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Patria mea totus mundus est

Original post date: Friday, May 04, 2007

In English: My fatherland is the whole world.

After the sayings about the world, mundus, that I've posted in the past few days, I thought this would be a good follow-up saying. Here, the world is not something transitory, and it is not something hostile. Instead, this proverb embraces the whole world, calling it home.

The fuller form of this phrase, as reported in the Roman philosopher Seneca, is: non sum uni angulo natus, patria mea totus hic mundus est, "I was not born for just one corner; my home is this whole world."

You may be familiar with the English word, derived from Greek, which expresses this same idea: "cosmopolitan." Someone who is "cosmopolitan" is a citizen (-politan) of the world (cosmo-).

There is actually a philosophy called "cosmopolitanism" which promotes the idea that all human beings of the earth belong to one community, regardless of their homeland or specific culture or political affiliation. The notion of cosmopolitanism in the ancient world really came into its own with the Stoic philosophers, including the Roman Seneca.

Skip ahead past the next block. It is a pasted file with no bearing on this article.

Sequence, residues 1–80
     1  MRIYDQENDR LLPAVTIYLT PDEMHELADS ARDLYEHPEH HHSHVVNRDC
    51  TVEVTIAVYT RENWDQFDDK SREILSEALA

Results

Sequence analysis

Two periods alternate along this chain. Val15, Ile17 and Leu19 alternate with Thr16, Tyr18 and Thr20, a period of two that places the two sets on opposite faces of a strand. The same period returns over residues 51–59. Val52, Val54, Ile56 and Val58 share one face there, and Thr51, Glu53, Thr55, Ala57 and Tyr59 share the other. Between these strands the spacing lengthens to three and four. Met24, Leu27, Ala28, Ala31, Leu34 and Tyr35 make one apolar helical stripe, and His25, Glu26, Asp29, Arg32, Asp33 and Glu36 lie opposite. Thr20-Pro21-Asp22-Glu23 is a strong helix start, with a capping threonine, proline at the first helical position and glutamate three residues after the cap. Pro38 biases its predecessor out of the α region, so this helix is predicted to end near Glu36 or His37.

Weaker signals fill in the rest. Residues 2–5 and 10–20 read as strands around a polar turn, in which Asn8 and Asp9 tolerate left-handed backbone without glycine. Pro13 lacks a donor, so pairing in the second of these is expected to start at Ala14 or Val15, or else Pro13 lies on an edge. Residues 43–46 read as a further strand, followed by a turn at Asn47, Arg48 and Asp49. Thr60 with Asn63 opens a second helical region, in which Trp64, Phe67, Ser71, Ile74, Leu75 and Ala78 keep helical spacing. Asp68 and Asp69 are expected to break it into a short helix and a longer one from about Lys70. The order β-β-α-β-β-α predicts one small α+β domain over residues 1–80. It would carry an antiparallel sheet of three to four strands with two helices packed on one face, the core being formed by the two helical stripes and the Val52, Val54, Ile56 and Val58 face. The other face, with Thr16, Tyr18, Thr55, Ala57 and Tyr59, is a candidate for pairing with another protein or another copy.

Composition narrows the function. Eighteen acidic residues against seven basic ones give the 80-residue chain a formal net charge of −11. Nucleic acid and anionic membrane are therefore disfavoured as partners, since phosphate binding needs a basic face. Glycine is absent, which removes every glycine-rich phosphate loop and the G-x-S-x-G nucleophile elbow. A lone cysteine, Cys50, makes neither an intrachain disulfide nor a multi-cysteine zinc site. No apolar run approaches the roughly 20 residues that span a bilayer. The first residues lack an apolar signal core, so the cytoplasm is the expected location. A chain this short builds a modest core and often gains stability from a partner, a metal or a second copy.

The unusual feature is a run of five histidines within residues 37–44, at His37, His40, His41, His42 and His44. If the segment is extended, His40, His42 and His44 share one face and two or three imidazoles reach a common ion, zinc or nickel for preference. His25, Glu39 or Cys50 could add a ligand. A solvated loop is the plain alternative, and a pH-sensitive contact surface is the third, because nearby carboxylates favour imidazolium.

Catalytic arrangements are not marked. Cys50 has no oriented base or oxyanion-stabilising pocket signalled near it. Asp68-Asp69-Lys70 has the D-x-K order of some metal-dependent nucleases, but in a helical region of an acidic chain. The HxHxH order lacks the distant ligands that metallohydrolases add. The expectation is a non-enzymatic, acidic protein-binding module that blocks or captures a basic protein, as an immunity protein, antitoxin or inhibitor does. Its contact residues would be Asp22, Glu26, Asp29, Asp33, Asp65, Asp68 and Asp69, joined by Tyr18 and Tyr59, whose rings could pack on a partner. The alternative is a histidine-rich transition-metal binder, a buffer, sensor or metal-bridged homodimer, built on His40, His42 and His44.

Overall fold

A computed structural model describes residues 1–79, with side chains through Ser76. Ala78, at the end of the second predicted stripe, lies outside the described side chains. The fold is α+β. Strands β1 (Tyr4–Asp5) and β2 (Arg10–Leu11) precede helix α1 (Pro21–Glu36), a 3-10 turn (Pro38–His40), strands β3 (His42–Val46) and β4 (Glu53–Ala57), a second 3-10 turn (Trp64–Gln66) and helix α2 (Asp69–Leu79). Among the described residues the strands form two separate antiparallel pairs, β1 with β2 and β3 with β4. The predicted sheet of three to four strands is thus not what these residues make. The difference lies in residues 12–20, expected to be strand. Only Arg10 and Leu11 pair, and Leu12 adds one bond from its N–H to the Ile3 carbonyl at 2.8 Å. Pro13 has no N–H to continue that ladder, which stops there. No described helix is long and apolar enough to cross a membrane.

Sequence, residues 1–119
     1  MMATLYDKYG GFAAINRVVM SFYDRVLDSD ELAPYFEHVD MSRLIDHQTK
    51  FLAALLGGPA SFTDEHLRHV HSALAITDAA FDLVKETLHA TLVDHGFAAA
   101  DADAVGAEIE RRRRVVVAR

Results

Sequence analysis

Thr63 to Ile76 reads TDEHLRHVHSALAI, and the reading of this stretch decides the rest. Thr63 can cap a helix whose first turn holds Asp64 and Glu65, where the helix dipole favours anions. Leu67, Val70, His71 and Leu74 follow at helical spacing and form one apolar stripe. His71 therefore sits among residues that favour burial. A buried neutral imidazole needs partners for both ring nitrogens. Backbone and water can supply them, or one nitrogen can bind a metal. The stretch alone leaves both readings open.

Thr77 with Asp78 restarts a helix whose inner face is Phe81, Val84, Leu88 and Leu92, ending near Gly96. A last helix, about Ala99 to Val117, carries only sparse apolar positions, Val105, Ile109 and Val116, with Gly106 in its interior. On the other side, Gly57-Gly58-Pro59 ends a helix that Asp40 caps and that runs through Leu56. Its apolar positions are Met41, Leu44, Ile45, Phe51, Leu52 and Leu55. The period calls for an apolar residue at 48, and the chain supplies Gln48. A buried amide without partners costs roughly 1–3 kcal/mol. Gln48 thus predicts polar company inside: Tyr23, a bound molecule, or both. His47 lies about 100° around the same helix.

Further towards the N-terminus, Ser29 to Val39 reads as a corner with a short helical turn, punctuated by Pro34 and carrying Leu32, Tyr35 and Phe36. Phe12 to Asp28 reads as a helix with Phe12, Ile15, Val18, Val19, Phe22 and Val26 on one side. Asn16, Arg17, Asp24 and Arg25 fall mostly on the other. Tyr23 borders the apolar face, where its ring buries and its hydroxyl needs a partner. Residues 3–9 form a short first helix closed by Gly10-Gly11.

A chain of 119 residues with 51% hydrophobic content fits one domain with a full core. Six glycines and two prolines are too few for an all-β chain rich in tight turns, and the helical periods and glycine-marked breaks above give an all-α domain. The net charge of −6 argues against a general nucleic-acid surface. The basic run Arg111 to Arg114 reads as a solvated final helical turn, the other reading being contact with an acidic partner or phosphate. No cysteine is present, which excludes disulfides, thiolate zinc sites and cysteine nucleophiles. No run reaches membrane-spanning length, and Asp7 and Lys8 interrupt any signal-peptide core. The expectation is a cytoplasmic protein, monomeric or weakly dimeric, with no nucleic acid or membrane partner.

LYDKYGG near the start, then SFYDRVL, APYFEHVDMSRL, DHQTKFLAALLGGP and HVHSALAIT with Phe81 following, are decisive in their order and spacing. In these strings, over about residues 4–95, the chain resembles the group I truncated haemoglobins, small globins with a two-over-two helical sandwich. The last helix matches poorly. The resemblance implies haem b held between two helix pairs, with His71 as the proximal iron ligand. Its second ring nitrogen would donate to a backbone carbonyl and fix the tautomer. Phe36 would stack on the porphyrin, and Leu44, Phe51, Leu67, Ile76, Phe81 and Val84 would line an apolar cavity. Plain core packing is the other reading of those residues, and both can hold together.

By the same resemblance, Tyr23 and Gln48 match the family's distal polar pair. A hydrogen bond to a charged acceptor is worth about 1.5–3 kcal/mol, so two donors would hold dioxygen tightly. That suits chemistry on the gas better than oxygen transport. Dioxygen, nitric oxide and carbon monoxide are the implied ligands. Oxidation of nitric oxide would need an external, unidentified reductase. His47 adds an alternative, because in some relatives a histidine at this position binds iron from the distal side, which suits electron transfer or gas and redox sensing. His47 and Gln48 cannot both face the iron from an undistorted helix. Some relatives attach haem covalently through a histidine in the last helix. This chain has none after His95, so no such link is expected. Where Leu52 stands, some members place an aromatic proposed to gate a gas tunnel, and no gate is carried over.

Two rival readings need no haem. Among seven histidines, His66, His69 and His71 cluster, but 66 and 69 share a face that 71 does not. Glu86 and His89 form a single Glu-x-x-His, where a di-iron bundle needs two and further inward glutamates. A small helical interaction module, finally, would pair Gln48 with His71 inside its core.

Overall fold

Yet at the same time that Seneca espoused a philosophical cosmopolitanism, we should remember that this took place in a time of Roman imperialism. Seneca's fatherland was, in a certain sense, the whole world, as the Roman empire expanded its dimensions to include more and more of the known world under its sway! The result is a paradox between Seneca's own cosmopolitan idealism and the realpolitik of the Roman empire.

There is something of the same paradox today in the way that "globalization" works. On the one hand, there is the idealistic side of globalization, where cultures are able to share across borders, with positive interchanges taking place unhindered by borders and barriers. On the other hand, however, there is the corporate imperialism that is also a globalized phenomenon, the "American Idol"-ization of the world.

As someone passionately interested in cultures around the world, I am very sympathetic to today's saying, feeling very much as if my human identity is one that makes me a member of a global human community. At the same time, I know that as an American, I am a citizen of a country which has taken an imperialistic approach to the world at large, much like Seneca's Rome, exerting political, military and economic control over other parts of the world, extending our "fatherland" far beyond its physical boundaries.

So, with the emphasis on idealism rather than imperialism (I hope!), here is today's proverb read out loud:

830. Patria mea totus mundus est.

The number here is the number for this proverb in Latin Via Proverbs: 4000 Proverbs, Mottoes and Sayings for Students of Latin.

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